Acting in defence
When a man like Gershon Baskin — steeped in attempts to bring peace between Israel and the Palestinians and about as far from a supporter of the Israeli PM as can be imagined — writes that “Benjamin Netanyahu did not want to escalate this war” and explains that the Israeli government had no alternative but to act, then even the most driven anti-Israel activist should take note. Not that they will. The reaction to Operation Protective Edge has not — yet — reached the poisonous levels that marked some previous IDF operations. But there is a wearyingly predictable tone to much of the coverage — that Israel is, once again, waving its mighty sword to crush the Palestinians almost for the sake of it. The facts, however, paint a very different picture. Rockets were falling on southern Israel at the rate of over 5 an hour. How is an Israeli leader — how is leader — expected to react to rocket attacks on over a million people? One million Israelis is 13 per cent of the population — the equivalent of 8.4 million people in the UK.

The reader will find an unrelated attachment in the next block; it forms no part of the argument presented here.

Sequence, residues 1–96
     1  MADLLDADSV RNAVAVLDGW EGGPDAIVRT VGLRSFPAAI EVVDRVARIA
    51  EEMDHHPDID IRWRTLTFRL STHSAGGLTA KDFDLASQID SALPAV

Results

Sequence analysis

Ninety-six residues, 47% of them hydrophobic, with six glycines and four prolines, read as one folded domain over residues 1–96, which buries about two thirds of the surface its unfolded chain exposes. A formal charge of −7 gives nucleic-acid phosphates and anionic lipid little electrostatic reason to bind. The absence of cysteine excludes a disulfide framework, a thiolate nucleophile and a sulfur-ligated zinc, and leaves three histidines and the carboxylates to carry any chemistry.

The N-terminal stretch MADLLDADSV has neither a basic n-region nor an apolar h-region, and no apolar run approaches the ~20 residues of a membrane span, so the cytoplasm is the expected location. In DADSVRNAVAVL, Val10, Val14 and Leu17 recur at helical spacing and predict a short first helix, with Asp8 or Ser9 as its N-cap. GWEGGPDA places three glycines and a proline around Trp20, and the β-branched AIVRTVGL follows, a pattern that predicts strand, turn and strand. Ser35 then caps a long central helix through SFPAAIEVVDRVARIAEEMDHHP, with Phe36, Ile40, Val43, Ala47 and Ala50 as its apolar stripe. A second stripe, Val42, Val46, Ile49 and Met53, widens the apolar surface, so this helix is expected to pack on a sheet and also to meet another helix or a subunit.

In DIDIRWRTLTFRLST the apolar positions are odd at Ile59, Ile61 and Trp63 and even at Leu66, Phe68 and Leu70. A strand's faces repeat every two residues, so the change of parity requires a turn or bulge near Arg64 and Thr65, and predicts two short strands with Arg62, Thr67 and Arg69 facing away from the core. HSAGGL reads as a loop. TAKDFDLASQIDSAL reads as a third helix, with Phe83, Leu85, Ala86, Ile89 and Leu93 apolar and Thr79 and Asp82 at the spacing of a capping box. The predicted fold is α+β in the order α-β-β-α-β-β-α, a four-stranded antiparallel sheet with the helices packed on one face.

It is simply unimaginable that a British leader would not respond to repeated rocket attacks on 8.4 million people. And not respond with a shrug, but by throwing everything at taking out the people and infrastructure responsible. In this context, the most remarkable thing about the Israeli response is its restraint. Are Jews alone not allowed to defend themselves? It is Hamas, not Israel, that has used the innocent as pawns, with Palestinians being made into so-called human shields. At root, the problem comes down to this. Imagine if one side of the conflict was somehow disarmed. If Hamas lost all its weapons, there would be no more Israeli military action against it. If Israeli was, on the other hand, suddenly defenceless, there would be mass slaughter of Israelis. So long as that remains true, Israel will always have to defend itself against Hamas attacks on its citizens.